FORT HOOD — The search continued late Thursday for a driver who was swept into Clear Creek from Turkey Run Road during a storm, and post officials said the missing person is a man who was driving a red Ford Focus.
The search teams are averaging about six miles a day along the creek bed, which empties into House Creek and Cowhouse Creek, a tributary of Belton Lake, said Chris Zimmer, Fort Hood’s deputy director of emergency services, during Thursday’s briefing.
Fort Hood allowed outside media to the area Thursday for the first time since the Tuesday incident.
More than 80 emergency personnel including swift-water rescue teams, and air assets including two AH-64 Apache helicopters from the 1st Air Cavalry Brigade, 1st Cavalry Division, were a part of the search, which stops during overnight hours.
Texas Task Force One, one of 28 federal teams under FEMA’s National Urban Search and Rescue System, and soldiers from the 89th Military Police Brigade are also part of the search efforts.
“We received two emergency 9-1-1 calls on Tuesday morning a little after 5 a.m.,” Zimmer said. “A witness observed the vehicle being swept into the creek, and the second call was from the (male) individual who was in the vehicle. Emergency responders were dispatched immediately.”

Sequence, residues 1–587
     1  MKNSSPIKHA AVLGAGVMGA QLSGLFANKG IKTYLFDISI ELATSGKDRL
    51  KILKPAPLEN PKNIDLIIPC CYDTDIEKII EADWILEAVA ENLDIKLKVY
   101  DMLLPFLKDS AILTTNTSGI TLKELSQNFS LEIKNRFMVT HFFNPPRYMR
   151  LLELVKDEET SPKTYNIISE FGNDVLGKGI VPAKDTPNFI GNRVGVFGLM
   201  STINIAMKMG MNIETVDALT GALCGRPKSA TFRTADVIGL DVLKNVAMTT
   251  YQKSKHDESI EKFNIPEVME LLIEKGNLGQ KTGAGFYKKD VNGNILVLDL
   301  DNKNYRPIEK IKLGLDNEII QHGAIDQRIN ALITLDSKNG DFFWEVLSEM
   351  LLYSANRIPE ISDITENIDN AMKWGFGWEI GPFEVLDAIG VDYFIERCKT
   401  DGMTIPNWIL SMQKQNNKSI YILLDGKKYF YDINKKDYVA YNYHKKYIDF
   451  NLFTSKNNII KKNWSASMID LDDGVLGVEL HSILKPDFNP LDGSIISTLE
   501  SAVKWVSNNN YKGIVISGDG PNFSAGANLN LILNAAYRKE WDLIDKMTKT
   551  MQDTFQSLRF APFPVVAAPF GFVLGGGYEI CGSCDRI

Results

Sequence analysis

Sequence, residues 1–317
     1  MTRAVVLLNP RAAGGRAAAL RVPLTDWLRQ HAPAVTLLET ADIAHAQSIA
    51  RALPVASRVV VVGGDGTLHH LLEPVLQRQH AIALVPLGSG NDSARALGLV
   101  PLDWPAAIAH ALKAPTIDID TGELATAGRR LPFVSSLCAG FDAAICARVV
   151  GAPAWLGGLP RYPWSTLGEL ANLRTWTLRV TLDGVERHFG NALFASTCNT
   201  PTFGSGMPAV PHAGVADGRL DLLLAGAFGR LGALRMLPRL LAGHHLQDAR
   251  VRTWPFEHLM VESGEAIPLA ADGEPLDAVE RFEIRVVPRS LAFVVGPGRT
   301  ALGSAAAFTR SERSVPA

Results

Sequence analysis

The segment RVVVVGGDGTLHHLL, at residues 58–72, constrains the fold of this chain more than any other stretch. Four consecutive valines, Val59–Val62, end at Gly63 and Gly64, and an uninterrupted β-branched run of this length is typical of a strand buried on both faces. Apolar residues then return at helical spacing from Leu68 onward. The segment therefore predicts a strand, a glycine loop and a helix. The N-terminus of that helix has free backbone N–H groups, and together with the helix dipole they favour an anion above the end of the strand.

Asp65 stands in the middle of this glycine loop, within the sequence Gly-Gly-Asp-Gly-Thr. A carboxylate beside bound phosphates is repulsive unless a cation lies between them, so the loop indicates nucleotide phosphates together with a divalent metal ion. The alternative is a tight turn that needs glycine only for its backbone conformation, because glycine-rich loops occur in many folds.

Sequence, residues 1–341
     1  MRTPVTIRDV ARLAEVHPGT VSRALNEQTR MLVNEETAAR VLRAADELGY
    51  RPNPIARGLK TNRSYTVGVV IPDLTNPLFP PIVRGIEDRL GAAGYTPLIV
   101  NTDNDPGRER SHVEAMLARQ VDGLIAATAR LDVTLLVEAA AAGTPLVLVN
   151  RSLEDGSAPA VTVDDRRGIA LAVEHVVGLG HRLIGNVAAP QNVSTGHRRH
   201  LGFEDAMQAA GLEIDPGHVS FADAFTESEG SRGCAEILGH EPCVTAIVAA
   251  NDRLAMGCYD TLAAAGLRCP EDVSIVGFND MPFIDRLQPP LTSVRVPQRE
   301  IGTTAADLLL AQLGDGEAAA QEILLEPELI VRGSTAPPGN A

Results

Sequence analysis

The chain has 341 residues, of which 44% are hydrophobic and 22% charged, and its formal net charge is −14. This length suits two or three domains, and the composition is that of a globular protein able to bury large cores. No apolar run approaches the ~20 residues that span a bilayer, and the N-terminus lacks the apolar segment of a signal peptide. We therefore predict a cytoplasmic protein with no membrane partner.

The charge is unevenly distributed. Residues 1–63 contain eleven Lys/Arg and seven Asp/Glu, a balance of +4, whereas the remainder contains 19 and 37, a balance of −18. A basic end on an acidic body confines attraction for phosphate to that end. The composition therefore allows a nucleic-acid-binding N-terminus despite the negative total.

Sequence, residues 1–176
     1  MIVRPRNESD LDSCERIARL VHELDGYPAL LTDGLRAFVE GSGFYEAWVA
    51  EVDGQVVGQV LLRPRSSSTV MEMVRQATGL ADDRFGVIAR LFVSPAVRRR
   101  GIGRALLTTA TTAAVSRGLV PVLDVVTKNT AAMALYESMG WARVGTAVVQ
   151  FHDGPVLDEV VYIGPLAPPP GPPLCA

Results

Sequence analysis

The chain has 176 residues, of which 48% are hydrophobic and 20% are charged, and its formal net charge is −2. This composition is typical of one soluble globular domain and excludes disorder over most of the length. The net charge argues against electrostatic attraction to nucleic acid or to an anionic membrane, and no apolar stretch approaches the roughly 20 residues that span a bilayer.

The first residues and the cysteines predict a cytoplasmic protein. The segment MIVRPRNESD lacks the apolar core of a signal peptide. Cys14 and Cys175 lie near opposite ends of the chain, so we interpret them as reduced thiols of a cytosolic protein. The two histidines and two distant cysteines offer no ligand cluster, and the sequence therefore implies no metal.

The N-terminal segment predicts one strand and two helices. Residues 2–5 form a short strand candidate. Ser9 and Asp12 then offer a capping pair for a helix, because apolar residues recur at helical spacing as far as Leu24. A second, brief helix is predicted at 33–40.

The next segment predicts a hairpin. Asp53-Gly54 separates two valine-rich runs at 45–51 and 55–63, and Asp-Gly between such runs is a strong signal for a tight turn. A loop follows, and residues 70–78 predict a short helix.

The vehicle, a red Ford Focus, was found late Tuesday night, Zimmer said. Officials have been able to determine who the owner of the vehicle is, but are still unable to determine whether the person swept away was the owner or someone else.
Zimmer said no names will be released until the missing person is found for the sake of the families involved.
High waters and difficult terrain have limited ground search crews’ ability to conduct an in-depth search, with mud and debris hindering the effort, he said. As the water levels continue to drop from the more than 15 feet reached during the storm, searchers move back to the starting point where the vehicle was first swept away to ensure nothing is missed.
“We continue to search in that method, choosing the most efficient use of assets we have available,” Zimmer said. “We will continue to search until we get resolution for the individual.”
In June 2016, a military vehicle overturned at a low-water crossing at Owl Creek, killing eight soldiers and one cadet from the U.S. Military Academy at West Point.